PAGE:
International differences

In the second of a series of articles, Clive Humby, co-founder of dunnhumby, talks about overcoming international differences in retail marketing.

Clive Humby
Clive Humby

Localisation in Globalisation

Globalisation has changed the face of the world. For global businesses it is inevitable that there will be both obvious and subtle differences in the behaviours of customers in different parts of the world. While brands have spread and attitudes certainly have changed to be more open to other cultures, people are still not willing to have a way of life imposed on them. That means that when companies go global, they have to respect the local.

Know the local customer

To overcome this issue, local customer understanding is essential as it allows knowledge to drive innovation that is relevant to each country that companies work in.

The key is to have a customer-centric approach that is not restricted to one market but which can easily be adapted in different countries to best serve the local population. In the Asian countries Tesco has adapted many parts of its business on the basis of getting to know their local customers by analyzing their data – from sources such as EPOS, loyalty programmes and traditional research methods.

At possibly the most basic level of observation, better understanding of its customers has led Tesco to adjust its car parks in many Asian countries because shoppers are more likely to visit stores on their motorbikes or scooters than in a car. This means they will buy less and shop more frequently, which has an impact on how products are sold and marketed.

The attitude to parking in Thailand is very relaxed. Shoppers leave the handbrakes off in their cars so other drivers can move their car if needed. It’s not unusual to see whole lines of cars being pushed around the car park so that another shopper can leave the car park!

This massively different attitude to the shopping experience can also be seen in-store. In Malaysia, many shoppers like to hang out for a whole day in a shopping mall. Tesco has built an entire mall there and leased out other areas to lure in customers. There’s even one Tesco in Malaysia with a cinema!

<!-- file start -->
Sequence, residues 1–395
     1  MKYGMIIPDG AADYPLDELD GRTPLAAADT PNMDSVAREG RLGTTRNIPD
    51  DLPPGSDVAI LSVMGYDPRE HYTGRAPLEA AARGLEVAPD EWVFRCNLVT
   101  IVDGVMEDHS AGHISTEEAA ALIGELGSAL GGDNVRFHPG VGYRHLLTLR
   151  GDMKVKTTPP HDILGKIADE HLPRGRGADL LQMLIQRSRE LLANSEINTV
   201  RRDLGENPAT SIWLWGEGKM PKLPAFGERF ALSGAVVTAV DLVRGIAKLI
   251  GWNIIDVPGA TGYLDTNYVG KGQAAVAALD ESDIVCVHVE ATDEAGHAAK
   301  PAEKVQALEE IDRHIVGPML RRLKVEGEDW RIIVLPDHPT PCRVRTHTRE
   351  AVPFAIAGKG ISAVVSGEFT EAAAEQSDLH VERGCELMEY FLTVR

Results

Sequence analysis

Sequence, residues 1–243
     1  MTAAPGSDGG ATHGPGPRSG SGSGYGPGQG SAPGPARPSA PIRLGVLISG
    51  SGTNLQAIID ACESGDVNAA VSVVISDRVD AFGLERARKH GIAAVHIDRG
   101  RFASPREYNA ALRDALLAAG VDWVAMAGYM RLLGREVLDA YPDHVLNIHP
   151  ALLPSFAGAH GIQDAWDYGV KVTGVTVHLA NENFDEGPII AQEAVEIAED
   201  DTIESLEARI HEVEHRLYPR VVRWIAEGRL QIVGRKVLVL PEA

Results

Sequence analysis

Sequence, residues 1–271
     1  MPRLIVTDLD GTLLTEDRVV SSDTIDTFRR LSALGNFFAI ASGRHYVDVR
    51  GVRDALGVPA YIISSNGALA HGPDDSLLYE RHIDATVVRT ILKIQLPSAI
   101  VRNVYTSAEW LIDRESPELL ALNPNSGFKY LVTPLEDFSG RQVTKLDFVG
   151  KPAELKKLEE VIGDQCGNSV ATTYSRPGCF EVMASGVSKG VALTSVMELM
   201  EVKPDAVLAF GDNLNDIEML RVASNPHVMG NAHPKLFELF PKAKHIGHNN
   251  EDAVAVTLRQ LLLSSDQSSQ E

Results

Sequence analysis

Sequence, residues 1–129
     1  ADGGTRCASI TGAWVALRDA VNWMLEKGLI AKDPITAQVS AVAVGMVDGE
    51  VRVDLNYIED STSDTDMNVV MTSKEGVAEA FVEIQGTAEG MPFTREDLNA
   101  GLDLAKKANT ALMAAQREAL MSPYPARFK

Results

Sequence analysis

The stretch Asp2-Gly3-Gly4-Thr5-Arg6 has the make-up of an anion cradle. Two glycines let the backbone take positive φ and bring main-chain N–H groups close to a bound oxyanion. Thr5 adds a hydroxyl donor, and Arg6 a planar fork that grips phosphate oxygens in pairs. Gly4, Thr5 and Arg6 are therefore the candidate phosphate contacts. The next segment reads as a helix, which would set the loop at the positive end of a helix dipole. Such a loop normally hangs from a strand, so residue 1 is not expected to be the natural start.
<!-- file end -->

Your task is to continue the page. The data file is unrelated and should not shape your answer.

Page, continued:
Analysis of Asian customer data also meant Tesco knew to reduce prices on products that appealed to less affluent shoppers. This understanding has led Tesco to provide better prices on around 24 different items each week to members of its Chinese Clubcard loyalty programme.

Analysis down to individual customer level

Being able to understand customer behaviour down to the individual item level has proven essential in Asia. It’s crucial that the price is right for a number of particular products. In China, eggs are a deal breaker. In South Korea the most price-sensitive items are fresh produce. If the products are not priced at the right level, shoppers will go elsewhere. Understanding what customers are saying through various forms of data ensures Tesco strikes the right prices in each of these countries.

In-depth knowledge of different types of customers is vital in Malaysia. Tesco has to ensure that its special offers appeal to the country’s three main ethnic groups – Malay, Indian and Chinese – complicated by the fact they all tend to shop in very different ways.

In Thailand, customer data has given Tesco the confidence to introduce for the first time a ’price rollback’ on thousands of products that customers really care about rather than the lines they could afford to reduce. This represented a radical move and highlights how complete customer understanding can drive innovative strategies and events in greatly differing countries.

Understanding which promotions work best for customers and the business is also essential in the Asian markets. Customers tend to be promotionally driven with many receiving five pamphlets per week from competing hypermarkets advertising their promotions. In some regions promotional sales are as much as 50% of total store sales. Running the right promotions and sending out the right pamphlets is the key to making sure Tesco’s customers keeping coming back.

Small changes to loyalty programmes lead to big impact on behaviour

This deep understanding of customers in each market has led to many small changes in the way Tesco operates its loyalty programmes in each country. This manifests itself in even the simplest ways, with the South Korean version named ’Familycard’ and the China programme named ’Membercard’. This local tailoring has also seen ’Every Little Helps’ translated into various versions with ’Rao Sai Jai Khun’ (’We put our heart to serve you’) used in Thailand.

The rewards offered to cardholders also differ according to the specific markets with the most popular redemptions in South Korea being discounts on the hundreds of activity classes and courses (including cookery and learning languages) held in the ’Culture Centres’ in Tesco’s Homeplus stores. Cardholders are also typically targeted with offers via SMS compared with mail-outs in the UK.

The use of integrated customer insight to drive innovation in its businesses around the world has proved very significant for Tesco. It has highlighted that even in developing markets, where each has its own very specific characteristics, the strategy of becoming more relevant to individual customers is arguably a more valid strategy than adopting the one-size-fits-all approach of simply cutting prices.
It’s a global approach to business that delivers local results.


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